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Cobra Popularity

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Cobra Popularity

Postby cmack » Mon Nov 11, 2013 9:12 am

Just found out about Cobra. I think this has the nicest syntax out of any of the statically typed languages I've seen so far.

A few thoughts on things that might increase it's popularity.

Cobra for the JVM, which I've read it's on the way. There are a number of new-ish statically typed languages that are targeting the JVM, but I haven't found any that look as nice as Cobra. Cobra could really stand out here, since most of these languages are variations on Java, perhaps throwing in a bit of functional programming and cleaning up syntax (though most don't go very far here). Perhaps an Eclipse or Netbeans pluggin would also help popularity.

Python is very popular in the scientific computing world because there are so many great numerical/scientific computing packages for it. Packages like Numpy and Scipy have syntax and features that are similar to MATLAB, plus you get all the data structures and packages in Python that you don't normally find in MATLAB-like languages. It may be fairly easy to convert some of those Python packages to Cobra libraries. I could see Cobra taking off in this area. I'd be willing to help build some matrix/numerical libraries in Cobra, if others felt there was a need.

In general I think packages that make programming easy, whether they come standard or separate, are very important. Python has some great ones that just make life easy and programming fun. Python also tends to make optional packages standard after while (if there's a good enough reason and the packages are well designed).
cmack
 
Posts: 3

Re: Cobra Popularity

Postby Charles » Tue Nov 12, 2013 7:52 pm

Making Cobra more popular will require a team effort with multiple people contributing different things.

Also, I thought that we could go with 2 releases per year, but it appears that is too few as people question if the project is still active. So I will switch to 3 times per year, or approximately every 4 months.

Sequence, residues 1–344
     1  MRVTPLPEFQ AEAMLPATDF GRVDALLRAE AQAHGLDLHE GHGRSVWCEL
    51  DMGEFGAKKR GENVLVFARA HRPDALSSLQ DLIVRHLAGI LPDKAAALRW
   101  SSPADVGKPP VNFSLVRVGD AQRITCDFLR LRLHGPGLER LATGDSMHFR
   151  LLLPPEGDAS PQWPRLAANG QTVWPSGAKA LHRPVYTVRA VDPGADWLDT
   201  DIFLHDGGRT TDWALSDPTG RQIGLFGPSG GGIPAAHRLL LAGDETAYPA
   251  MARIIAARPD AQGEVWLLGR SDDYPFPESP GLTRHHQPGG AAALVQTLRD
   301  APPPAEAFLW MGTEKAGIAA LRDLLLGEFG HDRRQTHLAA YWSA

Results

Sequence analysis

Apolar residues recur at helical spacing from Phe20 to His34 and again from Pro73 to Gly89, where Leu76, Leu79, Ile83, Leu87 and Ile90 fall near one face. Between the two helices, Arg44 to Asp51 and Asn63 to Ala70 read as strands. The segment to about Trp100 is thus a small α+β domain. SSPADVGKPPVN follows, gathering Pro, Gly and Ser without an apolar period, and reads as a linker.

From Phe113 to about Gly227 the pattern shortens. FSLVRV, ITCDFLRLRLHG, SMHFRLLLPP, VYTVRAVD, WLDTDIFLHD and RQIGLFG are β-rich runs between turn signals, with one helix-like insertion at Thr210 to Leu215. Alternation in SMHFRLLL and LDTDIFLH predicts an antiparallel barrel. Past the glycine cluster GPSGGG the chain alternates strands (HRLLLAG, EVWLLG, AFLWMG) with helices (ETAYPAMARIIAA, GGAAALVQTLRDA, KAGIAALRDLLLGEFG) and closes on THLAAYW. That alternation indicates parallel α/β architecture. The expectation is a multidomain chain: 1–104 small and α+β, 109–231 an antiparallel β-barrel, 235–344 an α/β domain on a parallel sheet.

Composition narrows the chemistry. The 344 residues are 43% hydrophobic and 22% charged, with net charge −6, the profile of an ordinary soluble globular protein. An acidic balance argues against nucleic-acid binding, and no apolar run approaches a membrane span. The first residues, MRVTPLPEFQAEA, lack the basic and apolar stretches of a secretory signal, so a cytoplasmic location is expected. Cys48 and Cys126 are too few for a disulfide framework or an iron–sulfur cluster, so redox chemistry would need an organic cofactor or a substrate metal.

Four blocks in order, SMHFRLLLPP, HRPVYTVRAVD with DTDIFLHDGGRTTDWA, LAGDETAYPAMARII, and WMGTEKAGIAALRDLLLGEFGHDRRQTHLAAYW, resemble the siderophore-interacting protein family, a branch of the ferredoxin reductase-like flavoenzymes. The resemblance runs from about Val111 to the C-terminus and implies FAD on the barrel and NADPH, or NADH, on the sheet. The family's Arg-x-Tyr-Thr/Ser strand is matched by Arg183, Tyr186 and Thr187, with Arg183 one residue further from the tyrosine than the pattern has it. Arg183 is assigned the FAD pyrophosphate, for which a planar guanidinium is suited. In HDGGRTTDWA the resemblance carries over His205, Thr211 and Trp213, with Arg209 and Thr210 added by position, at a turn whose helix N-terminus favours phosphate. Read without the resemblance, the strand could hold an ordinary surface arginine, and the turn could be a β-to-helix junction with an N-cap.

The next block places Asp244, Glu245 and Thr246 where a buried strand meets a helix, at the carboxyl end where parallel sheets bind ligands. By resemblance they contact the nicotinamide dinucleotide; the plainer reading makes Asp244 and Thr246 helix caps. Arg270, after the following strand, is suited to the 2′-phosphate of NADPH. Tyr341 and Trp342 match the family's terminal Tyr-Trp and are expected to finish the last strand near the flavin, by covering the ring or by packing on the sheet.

You mentioned scientific computing which is interesting because in 2003 I attended the SciPy conference where many of the presentations and side conversations were about how to overcome Python performance issues. There were numerous options, many of which I hadn't heard of before, each with its own set of pros and cons. I became more convinced that a good language design should strike a better balance between code-time efficiency and run-time efficiency.
Charles
 
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Location: Los Angeles, CA

Re: Cobra Popularity

Postby cmack » Wed Nov 13, 2013 10:28 am

In my line of work, bioinformatics, much of the scripting, prototyping and data analysis is done in Python, but when dealing with larger datasets and/or computationally intense tasks one usually needs to move to another programming language such as Java or C++. I enjoy programming in Python and always dislike having to switch to lower level languages for these computationally intense tasks. This is one of the reasons that Cobra seems so promising. I am tempted to start working on a matrix library for Cobra, along with a Bioinformatics library. It would be great if there were a few other people that also wanted to work on either of these. If libraries like this are available, I think many Python programmers would start using Cobra.
cmack
 
Posts: 3

Re: Cobra Popularity

Postby Charles » Wed Nov 13, 2013 2:38 pm

I'll volunteer to do code reviews and provide advice on using Cobra.
Charles
 
Posts: 2510
Location: Los Angeles, CA

Re: Cobra Popularity

Postby nerdzero » Wed Nov 13, 2013 6:54 pm

I can't say I know much about the bioinformatics domain, but if there's any .NET libraries already available those could be used pretty much out of the box with Cobra.

On the other hand, writing (or rewriting) anything in Cobra is really fun ;)
nerdzero
 
Posts: 286
Location: Chicago, IL

Re: Cobra Popularity

Postby cmack » Thu Nov 14, 2013 10:36 am

Java has a real nice bioinformatics library, BioJava. I looked for similar C# libraries, but haven't really found anything as extensive. Python has one called Biopython, which I use regularly and could perhaps serve as a template for one in Cobra. The bioinformatics (and more generally, scientific computing) community tends to do a lot of work on Linux and Mac systems, so there may not be as many available packages for .NET languages. Though this is more of a guess on my part, since I'm not too familiar with the .NET world.
cmack
 
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